The creation of a list of intangible cultural elements to preserve (ICH, UNESCO) should be understood as a kind of reaction to the vast World Heritage List (WHC, UNESCO), highly politicized “wonders of the world” directory. For many reasons, related to the preservation of ancient monuments, the Western-centric definition of the terms “cultural” or “heritage” or because we find many European countries actively involved in United Nations programs, Europe is over-represented in the World Heritage list.

Comparing the “World heritage” and the “Intangible cultural heritage” distribution

WorldHeritageUNESCOWORLD HERITAGE SITES – Europe and North America host 48% of the listed items, while these territories account for only 16% of the world population, a rate of 40 items listed for 100M inhabitants. By comparison, the rate is 5/100M in Asia, 10/100M in Africa, 20/100M in the Arab States and 21/100M in Latin America.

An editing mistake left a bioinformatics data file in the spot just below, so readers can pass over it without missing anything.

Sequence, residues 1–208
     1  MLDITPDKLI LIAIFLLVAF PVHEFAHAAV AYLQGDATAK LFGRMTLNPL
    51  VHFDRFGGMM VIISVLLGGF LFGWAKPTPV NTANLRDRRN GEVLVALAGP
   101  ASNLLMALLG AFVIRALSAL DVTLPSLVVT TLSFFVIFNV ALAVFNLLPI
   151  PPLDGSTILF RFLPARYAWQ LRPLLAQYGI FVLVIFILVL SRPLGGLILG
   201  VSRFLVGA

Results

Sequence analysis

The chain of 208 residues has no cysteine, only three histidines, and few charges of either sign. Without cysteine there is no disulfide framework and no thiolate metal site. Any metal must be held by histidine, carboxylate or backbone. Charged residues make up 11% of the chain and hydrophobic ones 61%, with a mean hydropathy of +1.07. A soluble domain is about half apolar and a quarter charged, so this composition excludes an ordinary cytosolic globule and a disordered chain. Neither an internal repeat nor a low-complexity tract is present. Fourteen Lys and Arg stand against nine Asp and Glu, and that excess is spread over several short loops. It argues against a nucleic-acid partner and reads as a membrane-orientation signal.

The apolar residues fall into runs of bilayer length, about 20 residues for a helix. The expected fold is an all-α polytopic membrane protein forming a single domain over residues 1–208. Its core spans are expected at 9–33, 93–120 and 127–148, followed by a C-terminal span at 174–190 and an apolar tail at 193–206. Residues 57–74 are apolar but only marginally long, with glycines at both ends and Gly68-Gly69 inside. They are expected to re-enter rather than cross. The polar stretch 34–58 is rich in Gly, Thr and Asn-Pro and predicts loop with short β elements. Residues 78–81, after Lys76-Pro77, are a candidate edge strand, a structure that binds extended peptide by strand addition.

INTANGIBLE CULTURAL HERITAGE – Implicitly, the intangible cultural heritage directory aims to restore a form of balance, including a new element to list. As a result of a political choice to favor the marginalized elements, the number of intangible heritage elements in North America and Europe are less numerous (but still 33% of the new list). Asia, meanwhile, is better highlighted.

Mapping the intangible cultural heritage


Music occupies a prominent place in the ICH list: of the 313 items recorded until 2014, there are 109 musical elements to which are added 74 elements including music.

Source: UNESCO.ORG (data until 2014)

Update (2019)

This map has been updated with data until 2018 for the needs of a French musicology journal issue about intangible heritage. Find the introduction here (english version) and the new map below. Things have changed a lot in recent years, especially in Eastern Europe and Western Asia.